Introduction

From hematoxylin and eosin (H&E) stains, it can be difficult to distinguish between pre-operative or curetting specimens of endocervical adenocarcinomas (ECA) and endometrial adenocarcinomas (EMA). Staging is surgical for EMA; however, for primary ECA, staging is clinical. Treatment protocols may differ substantially between them [1, 2].

We have already learned that certain immunohistochemical markers may be helpful in distinguishing between ECA and EMA. McCluggage, et al. (2002) proposed that a panel of immunohistochemical stains, comprised of a 3-marker (ER, CEA and Vim) panel, generally results in a confident preoperative distinction between ECA and EMA[3]. Several other studies have reported that a PR- and p16INK4a-marker revealed a significant frequency difference (p < 0.05) between ECA and EMA. However, we were interested to discover whether ancillary PR- or p16INK4a-marker testing could produce any supplementary benefit to the traditional 3-marker panel.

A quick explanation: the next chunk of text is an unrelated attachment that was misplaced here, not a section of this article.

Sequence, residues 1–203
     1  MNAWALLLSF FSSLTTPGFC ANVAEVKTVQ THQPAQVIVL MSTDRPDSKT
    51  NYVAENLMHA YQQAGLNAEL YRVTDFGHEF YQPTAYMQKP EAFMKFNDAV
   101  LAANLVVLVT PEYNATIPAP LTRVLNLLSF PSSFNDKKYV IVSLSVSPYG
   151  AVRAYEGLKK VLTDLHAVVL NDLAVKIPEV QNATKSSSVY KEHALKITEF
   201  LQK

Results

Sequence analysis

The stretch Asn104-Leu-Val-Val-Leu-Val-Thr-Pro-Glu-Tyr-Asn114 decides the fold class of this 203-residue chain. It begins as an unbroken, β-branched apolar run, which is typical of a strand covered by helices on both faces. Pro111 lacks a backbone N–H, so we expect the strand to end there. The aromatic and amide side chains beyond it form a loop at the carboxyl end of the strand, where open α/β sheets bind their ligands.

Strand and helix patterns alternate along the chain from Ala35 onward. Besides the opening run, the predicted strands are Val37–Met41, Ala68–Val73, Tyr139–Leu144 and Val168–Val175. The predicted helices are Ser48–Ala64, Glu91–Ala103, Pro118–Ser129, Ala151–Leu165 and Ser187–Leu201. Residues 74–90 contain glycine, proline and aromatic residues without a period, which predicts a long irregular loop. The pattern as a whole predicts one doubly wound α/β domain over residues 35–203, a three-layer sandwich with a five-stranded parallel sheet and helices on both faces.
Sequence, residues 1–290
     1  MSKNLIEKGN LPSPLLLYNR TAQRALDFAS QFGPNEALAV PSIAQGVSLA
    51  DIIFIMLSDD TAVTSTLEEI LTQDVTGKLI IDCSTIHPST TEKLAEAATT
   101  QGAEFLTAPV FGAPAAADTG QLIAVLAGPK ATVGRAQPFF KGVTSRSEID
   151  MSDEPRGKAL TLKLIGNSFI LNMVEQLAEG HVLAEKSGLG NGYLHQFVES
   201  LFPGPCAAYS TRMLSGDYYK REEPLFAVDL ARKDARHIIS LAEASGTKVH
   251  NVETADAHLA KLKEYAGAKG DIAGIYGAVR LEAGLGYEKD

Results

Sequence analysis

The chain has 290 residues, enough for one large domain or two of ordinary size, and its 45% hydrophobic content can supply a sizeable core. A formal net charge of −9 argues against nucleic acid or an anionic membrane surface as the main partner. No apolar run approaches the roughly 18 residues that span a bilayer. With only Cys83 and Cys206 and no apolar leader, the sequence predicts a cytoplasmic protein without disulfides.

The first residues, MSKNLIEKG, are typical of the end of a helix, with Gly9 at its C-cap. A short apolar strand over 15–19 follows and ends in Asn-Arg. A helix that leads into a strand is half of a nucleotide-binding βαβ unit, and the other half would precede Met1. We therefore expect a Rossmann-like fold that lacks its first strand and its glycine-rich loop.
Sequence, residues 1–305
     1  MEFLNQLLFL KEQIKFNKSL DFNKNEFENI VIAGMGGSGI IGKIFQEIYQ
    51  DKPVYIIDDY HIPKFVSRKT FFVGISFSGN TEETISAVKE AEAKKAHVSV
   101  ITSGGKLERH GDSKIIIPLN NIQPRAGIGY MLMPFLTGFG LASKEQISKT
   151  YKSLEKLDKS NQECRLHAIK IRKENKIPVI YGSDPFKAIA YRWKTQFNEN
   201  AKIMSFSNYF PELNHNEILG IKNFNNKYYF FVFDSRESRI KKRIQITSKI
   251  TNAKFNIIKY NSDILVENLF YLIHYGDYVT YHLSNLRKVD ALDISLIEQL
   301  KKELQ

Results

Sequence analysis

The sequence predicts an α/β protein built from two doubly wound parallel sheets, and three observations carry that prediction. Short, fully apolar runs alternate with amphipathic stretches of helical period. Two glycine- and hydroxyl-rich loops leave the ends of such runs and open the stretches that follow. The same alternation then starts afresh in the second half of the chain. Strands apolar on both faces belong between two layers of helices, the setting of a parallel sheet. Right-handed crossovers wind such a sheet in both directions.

Our previous studies have already shown that ancillary p16INK4a-marker testing does not add value to the traditional 3-marker (ER, CEA and Vim) or 4-marker (PR, ER, CEA and Vim) panel in distinguishing between these 2 gynecologic malignancies (ECA vs. EMA)[4, 5]. On the other hand, it is uncertain whether the performance and test effectiveness of the 4-marker (PR, ER, CEA and Vim) panel is superior to the conventional 3-marker (ER, CEA and Vim) panel in distinguishing between ECA and EMA. In order to save on the cost and economize laboratory resources, the purpose of this extension study was to examine whether the additional PR-marker can provide supplemental meaningful value to the conventional 3-marker (ER, CEA and Vim) panel, using IHC on a TMA in tissues from Taiwanese women [612].

Methods

Study materials